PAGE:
Monday, August 25, 2008

After the Kiss by Suzanne Enoch.

I admit that I haven't read one of Suzanne Enoch's books in a long while. I have this horrible habit of glomming books once I like an author, and this can be tragic. I get tired of the books. And there were quite a few title of hers that I did like. I loved A Matter of Scandal, The Rake, and London's Perfect Scoundrel. Then came England's Perfect Hero and although I loved the story of the soldier suffering from war fatigue (shell-shock, post-traumatic stress...), I didn't buy the romance angle of the story as much. 

So I took a break. I haven't read any of her contemporaries or the entire Griffin Family series. I may have read Sin and Sensibility, but by that point I was so glommed out that I don't remember too much of it. 

So, it was with much trepidation that I read review on Enoch's After the Kiss, the first book in a trilogy. Oh, the romance trilogy! But I found that people actually read it. And the more I read what they wrote, the more intrigued I became. 

Sullivan Waring is a well-respected horse breeder who also happens to be the illegitimate son of a marquis--and the Mayfair Marauder. His mother's legacy, left to him after her death, had been stolen from him by her landlord, who is also the father who won't recognize him. Sullivan wants his items back, and is willing to steal to get back what is rightfully his. One night he comes across Lady Isabel Chalsey. In an effort to get away, he kisses her.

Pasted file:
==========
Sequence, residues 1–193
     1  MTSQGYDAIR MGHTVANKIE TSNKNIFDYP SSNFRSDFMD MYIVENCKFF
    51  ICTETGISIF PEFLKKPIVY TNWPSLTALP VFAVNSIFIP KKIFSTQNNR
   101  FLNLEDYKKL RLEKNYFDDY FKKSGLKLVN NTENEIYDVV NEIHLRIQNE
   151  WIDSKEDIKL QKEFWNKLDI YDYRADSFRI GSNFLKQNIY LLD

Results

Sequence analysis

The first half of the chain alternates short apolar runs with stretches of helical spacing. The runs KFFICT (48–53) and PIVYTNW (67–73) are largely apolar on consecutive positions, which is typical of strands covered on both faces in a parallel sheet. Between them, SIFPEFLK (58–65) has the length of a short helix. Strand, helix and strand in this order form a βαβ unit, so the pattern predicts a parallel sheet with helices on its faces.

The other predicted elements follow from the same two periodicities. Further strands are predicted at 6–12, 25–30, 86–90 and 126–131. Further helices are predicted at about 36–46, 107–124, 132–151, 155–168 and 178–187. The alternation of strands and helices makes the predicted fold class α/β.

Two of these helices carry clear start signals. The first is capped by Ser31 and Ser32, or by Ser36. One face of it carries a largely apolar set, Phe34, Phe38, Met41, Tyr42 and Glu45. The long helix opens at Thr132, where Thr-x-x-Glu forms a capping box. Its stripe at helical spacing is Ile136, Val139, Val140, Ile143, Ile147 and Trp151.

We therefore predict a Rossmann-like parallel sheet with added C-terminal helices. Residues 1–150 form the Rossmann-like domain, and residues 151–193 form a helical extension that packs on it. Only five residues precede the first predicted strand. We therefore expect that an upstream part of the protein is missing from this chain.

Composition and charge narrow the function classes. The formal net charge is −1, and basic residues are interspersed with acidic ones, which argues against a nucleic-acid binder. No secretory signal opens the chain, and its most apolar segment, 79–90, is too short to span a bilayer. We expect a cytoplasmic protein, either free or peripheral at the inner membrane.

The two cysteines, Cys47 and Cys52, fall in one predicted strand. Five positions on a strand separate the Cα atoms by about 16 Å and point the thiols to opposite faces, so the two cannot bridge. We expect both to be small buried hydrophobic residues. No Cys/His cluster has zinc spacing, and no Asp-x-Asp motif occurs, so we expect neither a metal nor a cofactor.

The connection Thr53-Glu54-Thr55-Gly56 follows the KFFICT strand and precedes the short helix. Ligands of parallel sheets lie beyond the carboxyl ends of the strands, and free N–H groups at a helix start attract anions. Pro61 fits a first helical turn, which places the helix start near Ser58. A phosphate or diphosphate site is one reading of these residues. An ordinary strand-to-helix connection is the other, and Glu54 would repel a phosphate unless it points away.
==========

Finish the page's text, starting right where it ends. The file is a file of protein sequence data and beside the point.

This moment changes both of their lives. Lady Isabel recognizes him, but instead of turning him in she chooses to find out why he stole from her house. She buys a horse from him and demands that he train the mare and teach her to ride the horse. 

I loved this book. It brought me back to the With This Ring series I first read. Waring is not bitter that his father won't recognize him, and he doesn't want a thing from his father but the items that were stolen from his mother's home. He is proud of his own accomplishments while accepting of his place in society. 

Isabel is young, still 19, and she makes reckless decisions. She takes responsibility for them, though, and all she wants is to be with Sullivan. I loved how her family had not one evil member among them, but was rather supportive over all. 

I'm not sure if I'll read the rest of the books in the series, I enjoyed this one so much. I'll wait to read the reviews. :)  A-. 

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